01
Sep
09

Game Review – Batman: Arkhum Asylum

First, let me say that if you have not yet added this title to your collection, or, at the very least, you have not yet played the game or the demo, SHAME ON YOU!

“Why,” you may ask?

Because this game is really, really fun. Because the story is engaging from beginning to end. Because Joker is amusing every time he gets on the PA system. Because Harley Quinn is quite fine in her new uniform…

Why should you play this game?

Because you get to BE Batman.

I wrote a quickie review last week on A Tokin 4 Your Thoughts; read it for the short, to-the-point assessment of the game. If you want my final thoughts on the overall experience, read on, my friends:

The opening cinematic sets the stage for the whole adventure. In fact, the opening is more than just a cinematic, you (as Batman) actually escort Joker into the bowels of Intensive Treatment at Arkhum – as in you get to play this part. This is definitely a great way to get the show rolling as you are immediately thrust into the shoes of the Dark Knight; you see what he sees and feel the same sense of uneasiness as you watch the guards restrain the Joker and wheel him into the Asylum, with Joker bantering carelessly all along the way. When the action heats up with Jokers escape, you are suddenly getting your first taste of Bat-ninja awesome and you will realize how thrilling each encounter will be.

So, on to combat. The “Free-Flow” system works very well. It is extremely simple in design; each face button is a simple action – attack, counter, stun, and dodge (double tap) – that can be chained repeatedly between multiple enemies, resulting in massive hit chains. That is, assuming your timing is good and you don’t get hit in the midst of your combo. On paper and in simple observation, this seems rather easy to do. In practice, however, stringing long combos is actually challenging. I’m still struggling to break a 40+ chain, but I can certainly say my skills are drastically improved from my first night with the sticks. I have much respect to those that can pull 100+ chains – it ain’t easy, but it’s very doable.

Then there’s “Predator Mode,” a situational form of combat that is entered whenever a room is guarded by a group of armed thugs. These rooms are often quite large and include various places for Batman to hide in the shadows and do his ninja thing –  gargoyles, ventilation shafts, railings, and recessed floors. You can use any of these spots to your advantage and there is never any time limit; you can take as much time as you like to clear these rooms, so be sure to take time out to grapple to a gargoyle and assess the situation and plan your attacks. As Batman, you have an assortment of gadgets at your disposal throughout the game, and you can acquire upgrades to some of these gadgets (as well as your suit and fighting skills) as you gain experience points (by fighting and solving Riddler’s challenges). Again, if the Bat can do it, you can probably do it in this game: inverted takedowns, silent takedowns, corner takedowns, batarangs to any part of an enemy’s body, grapple enemies over railings, pull enemies over railings from below… Every animation is fluid and brutal, and in direct combat, the Batman’s moveset is varied and seamless – from action to action, target to target.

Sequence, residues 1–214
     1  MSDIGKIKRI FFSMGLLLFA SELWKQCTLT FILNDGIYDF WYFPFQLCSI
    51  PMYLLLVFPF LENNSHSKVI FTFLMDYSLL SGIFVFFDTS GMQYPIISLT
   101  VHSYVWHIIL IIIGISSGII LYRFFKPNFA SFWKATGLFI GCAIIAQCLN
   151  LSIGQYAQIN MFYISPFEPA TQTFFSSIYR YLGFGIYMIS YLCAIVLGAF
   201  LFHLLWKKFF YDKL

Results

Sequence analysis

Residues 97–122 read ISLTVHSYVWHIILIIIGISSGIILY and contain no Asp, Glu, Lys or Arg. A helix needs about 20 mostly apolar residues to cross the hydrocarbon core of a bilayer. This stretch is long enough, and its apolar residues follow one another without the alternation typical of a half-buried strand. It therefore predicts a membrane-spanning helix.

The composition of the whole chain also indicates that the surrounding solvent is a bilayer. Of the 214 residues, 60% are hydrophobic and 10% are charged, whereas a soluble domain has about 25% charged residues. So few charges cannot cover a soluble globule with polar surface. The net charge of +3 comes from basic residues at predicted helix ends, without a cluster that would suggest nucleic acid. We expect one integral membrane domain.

Outside of combat, however, Batman is a little stiff. He’s not clunky thankfully, so his rigid movement won’t hinder you though it may at times annoy you a little, just because it kind of looks awkward when he runs and it looks like George Clooney running in front of the bat-signal at the end of Batman and Robin.

Arkhum Island is brilliantly rendered in this game. Each section, every building, looks as though it were truly real. I got the sense that these buildings all have seen better days, and that there was a rich history behind each one. Some locations are obviously older than others, with retrofits and remodeling evident and secret and forgotten rooms and passages hiding behind walls and under floors. Each building also believably serves its purpose: the Medical facility has a surgery wing and a complete morgue, the penitentiary has several levels of lock-down, and other buildings on the campus have logical rooms and offices. Each area is distinctly unique, but the collective whole is also very unified. This by far the first, fully realized depiction of Arkhum Asylum, and I’m sure it will be the basis for any future depictions in the comics and on screen.